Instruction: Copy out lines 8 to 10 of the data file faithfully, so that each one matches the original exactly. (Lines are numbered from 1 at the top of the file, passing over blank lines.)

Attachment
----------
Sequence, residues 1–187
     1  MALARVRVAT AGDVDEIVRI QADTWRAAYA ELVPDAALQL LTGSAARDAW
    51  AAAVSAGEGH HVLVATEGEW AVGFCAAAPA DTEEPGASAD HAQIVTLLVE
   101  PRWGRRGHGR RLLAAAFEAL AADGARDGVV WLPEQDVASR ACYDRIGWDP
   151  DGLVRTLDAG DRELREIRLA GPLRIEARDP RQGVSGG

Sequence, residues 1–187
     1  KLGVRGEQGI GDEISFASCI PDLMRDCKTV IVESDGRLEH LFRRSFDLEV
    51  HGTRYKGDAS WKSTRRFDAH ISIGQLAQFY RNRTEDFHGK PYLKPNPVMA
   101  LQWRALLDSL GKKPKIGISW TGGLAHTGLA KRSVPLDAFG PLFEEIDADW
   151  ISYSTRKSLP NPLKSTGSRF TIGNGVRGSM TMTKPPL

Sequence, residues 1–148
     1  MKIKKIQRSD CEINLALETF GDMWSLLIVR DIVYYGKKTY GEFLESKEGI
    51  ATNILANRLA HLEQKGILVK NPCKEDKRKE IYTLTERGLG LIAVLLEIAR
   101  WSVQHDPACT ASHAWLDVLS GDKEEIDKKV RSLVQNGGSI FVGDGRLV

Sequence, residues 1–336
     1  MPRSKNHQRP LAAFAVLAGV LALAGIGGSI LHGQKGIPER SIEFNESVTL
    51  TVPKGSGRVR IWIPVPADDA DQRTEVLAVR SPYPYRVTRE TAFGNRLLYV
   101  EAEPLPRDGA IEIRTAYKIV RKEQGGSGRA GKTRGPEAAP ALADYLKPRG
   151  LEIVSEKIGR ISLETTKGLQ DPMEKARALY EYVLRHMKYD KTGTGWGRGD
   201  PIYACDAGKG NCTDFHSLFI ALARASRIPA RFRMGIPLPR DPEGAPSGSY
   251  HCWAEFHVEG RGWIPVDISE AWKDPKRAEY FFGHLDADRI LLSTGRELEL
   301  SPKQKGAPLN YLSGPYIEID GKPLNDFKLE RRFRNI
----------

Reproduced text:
    51  HGTRYKGDAS WKSTRRFDAH ISIGQLAQFY RNRTEDFHGK PYLKPNPVMA
   101  LQWRALLDSL GKKPKIGISW TGGLAHTGLA KRSVPLDAFG PLFEEIDADW
   151  ISYSTRKSLP NPLKSTGSRF TIGNGVRGSM TMTKPPL